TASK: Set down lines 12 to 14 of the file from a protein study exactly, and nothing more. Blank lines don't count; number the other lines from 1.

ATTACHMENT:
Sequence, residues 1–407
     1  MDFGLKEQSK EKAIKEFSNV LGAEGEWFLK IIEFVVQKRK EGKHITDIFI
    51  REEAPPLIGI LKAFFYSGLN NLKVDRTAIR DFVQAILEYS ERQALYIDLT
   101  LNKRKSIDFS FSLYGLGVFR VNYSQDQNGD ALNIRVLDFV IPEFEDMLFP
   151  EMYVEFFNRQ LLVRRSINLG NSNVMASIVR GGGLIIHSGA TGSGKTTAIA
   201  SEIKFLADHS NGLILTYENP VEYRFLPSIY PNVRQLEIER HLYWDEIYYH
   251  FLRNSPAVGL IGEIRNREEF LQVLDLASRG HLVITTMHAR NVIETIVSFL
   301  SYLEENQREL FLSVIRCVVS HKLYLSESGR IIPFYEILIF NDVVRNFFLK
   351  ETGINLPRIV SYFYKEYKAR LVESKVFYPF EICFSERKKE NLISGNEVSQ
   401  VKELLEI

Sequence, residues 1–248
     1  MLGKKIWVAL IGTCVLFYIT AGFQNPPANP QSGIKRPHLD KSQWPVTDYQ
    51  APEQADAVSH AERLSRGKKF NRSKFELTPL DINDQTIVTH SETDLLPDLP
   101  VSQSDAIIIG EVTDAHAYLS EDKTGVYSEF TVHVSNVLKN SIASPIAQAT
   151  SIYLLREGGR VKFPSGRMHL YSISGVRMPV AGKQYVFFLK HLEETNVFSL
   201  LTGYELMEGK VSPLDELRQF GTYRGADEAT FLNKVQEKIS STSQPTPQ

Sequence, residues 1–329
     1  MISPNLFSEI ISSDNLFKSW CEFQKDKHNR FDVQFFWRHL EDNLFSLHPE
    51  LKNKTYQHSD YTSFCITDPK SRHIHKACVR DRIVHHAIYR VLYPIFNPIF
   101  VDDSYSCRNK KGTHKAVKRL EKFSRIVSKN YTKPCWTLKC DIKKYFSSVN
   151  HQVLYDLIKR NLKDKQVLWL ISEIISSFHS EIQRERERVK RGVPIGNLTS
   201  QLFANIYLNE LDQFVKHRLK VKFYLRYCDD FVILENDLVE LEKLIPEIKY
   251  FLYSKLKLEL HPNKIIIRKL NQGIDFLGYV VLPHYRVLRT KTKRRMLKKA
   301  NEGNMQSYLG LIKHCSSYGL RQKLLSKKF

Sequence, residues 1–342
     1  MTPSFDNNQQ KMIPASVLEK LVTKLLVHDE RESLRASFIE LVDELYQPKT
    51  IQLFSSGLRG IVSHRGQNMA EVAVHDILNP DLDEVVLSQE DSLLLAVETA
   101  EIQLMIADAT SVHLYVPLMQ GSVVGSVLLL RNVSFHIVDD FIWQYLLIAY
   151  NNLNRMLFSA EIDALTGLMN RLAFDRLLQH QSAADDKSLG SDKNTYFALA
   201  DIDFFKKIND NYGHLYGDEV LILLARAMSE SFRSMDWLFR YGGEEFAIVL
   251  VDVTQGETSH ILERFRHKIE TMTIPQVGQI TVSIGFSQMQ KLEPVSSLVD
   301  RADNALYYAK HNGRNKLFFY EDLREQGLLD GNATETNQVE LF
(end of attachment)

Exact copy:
     1  MLGKKIWVAL IGTCVLFYIT AGFQNPPANP QSGIKRPHLD KSQWPVTDYQ
    51  APEQADAVSH AERLSRGKKF NRSKFELTPL DINDQTIVTH SETDLLPDLP
   101  VSQSDAIIIG EVTDAHAYLS EDKTGVYSEF TVHVSNVLKN SIASPIAQAT